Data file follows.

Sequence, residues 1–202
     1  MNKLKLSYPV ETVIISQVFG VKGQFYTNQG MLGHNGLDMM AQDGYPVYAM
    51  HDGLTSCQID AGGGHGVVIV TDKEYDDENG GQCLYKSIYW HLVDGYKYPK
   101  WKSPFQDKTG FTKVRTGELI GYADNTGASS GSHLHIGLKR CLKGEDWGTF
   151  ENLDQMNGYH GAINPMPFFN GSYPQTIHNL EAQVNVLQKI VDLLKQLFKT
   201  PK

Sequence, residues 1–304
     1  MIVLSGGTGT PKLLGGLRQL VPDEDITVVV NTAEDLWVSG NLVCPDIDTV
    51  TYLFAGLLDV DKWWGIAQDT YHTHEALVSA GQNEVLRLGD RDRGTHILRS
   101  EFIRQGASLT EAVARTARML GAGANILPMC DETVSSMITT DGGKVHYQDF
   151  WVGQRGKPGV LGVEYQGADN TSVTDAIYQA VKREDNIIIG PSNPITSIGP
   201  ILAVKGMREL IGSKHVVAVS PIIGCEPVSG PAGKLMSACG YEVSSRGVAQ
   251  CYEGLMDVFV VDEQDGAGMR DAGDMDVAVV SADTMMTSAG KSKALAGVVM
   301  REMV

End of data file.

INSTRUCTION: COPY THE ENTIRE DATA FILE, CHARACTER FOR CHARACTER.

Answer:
Sequence, residues 1–202
     1  MNKLKLSYPV ETVIISQVFG VKGQFYTNQG MLGHNGLDMM AQDGYPVYAM
    51  HDGLTSCQID AGGGHGVVIV TDKEYDDENG GQCLYKSIYW HLVDGYKYPK
   101  WKSPFQDKTG FTKVRTGELI GYADNTGASS GSHLHIGLKR CLKGEDWGTF
   151  ENLDQMNGYH GAINPMPFFN GSYPQTIHNL EAQVNVLQKI VDLLKQLFKT
   201  PK

Sequence, residues 1–304
     1  MIVLSGGTGT PKLLGGLRQL VPDEDITVVV NTAEDLWVSG NLVCPDIDTV
    51  TYLFAGLLDV DKWWGIAQDT YHTHEALVSA GQNEVLRLGD RDRGTHILRS
   101  EFIRQGASLT EAVARTARML GAGANILPMC DETVSSMITT DGGKVHYQDF
   151  WVGQRGKPGV LGVEYQGADN TSVTDAIYQA VKREDNIIIG PSNPITSIGP
   201  ILAVKGMREL IGSKHVVAVS PIIGCEPVSG PAGKLMSACG YEVSSRGVAQ
   251  CYEGLMDVFV VDEQDGAGMR DAGDMDVAVV SADTMMTSAG KSKALAGVVM
   301  REMV